The American College of Cardiology (ACC) and the American Heart Association (AHA) recently released new guidelines that LOWER the at-risk threshold for blood pressure (BP). The guidelines eliminate the “prehypertension” category, instead classifying BP as either “Elevated” (120-129 and <80), “Stage I hypertension” (130-139 or 80-89) and “Stage II hypertension” (>140/90 mm Hg).
The new guidelines are designed to support clinical care and treatment of hypertension, but what is the impact for outcomes-based wellness programs? To consider this, we go back to the recommendations and note that the new lower definition of hypertension should not be defined in a vacuum, but rather by using trended BP measurements over time. The ACC is careful to point out that more than one reading is needed to determine true BP.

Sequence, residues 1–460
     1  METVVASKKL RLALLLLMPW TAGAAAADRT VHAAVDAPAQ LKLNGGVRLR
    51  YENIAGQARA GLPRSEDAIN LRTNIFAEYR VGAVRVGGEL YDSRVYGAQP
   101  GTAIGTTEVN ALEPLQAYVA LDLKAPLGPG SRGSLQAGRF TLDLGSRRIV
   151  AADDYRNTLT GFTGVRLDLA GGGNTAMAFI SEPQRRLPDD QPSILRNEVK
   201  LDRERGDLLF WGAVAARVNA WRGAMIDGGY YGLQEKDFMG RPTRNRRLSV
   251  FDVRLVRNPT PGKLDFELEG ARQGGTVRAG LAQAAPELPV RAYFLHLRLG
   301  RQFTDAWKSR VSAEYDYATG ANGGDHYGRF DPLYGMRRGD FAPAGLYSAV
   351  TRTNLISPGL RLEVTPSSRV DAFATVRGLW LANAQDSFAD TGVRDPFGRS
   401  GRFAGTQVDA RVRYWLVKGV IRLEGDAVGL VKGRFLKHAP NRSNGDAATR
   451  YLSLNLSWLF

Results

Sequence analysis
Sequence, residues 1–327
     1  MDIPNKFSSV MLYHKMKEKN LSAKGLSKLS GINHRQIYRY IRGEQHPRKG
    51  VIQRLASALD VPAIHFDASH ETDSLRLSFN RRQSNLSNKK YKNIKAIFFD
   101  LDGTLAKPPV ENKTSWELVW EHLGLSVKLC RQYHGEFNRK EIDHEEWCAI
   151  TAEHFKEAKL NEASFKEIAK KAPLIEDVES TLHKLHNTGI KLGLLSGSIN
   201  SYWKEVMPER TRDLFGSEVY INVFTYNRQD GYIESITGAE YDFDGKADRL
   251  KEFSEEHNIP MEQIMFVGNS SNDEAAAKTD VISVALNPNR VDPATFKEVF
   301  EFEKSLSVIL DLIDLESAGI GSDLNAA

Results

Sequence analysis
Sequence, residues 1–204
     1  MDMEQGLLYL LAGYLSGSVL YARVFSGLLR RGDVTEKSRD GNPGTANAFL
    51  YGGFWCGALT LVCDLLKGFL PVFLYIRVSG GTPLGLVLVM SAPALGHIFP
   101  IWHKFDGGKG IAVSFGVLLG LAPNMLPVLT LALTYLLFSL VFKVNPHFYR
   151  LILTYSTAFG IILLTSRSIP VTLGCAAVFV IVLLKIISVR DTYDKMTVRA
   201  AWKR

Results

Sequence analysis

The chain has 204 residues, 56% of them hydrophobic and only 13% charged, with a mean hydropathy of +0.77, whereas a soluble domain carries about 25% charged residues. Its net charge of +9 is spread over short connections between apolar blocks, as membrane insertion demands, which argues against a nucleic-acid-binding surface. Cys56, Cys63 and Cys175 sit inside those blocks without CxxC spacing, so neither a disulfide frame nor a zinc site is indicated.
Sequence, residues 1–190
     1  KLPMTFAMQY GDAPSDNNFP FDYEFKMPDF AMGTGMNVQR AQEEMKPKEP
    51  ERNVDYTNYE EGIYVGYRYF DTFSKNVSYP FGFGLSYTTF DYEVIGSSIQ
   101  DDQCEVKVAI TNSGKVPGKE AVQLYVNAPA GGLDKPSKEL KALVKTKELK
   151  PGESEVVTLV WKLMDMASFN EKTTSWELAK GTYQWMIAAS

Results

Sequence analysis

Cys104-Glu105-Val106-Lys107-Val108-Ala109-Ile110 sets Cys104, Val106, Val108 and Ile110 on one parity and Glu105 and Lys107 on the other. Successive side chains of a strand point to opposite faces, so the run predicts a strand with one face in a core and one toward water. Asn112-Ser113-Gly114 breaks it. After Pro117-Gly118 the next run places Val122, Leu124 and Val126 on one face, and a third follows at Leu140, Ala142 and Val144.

US Wellness recommends that the use of BP in outcomes allow for a variability factor when BP is based on a one-time screening result. Our recommendation does not change with the updated recommendations, but is rather strengthened by the ACC’s note that hypertension risk needs to be determined based on various measurements over time. When using BP in outcomes-based wellness programs, employers should consider a threshold that accounts for the inherent variability of human BP and the ACC recommendations that true BP should be defined by looking at trended BP.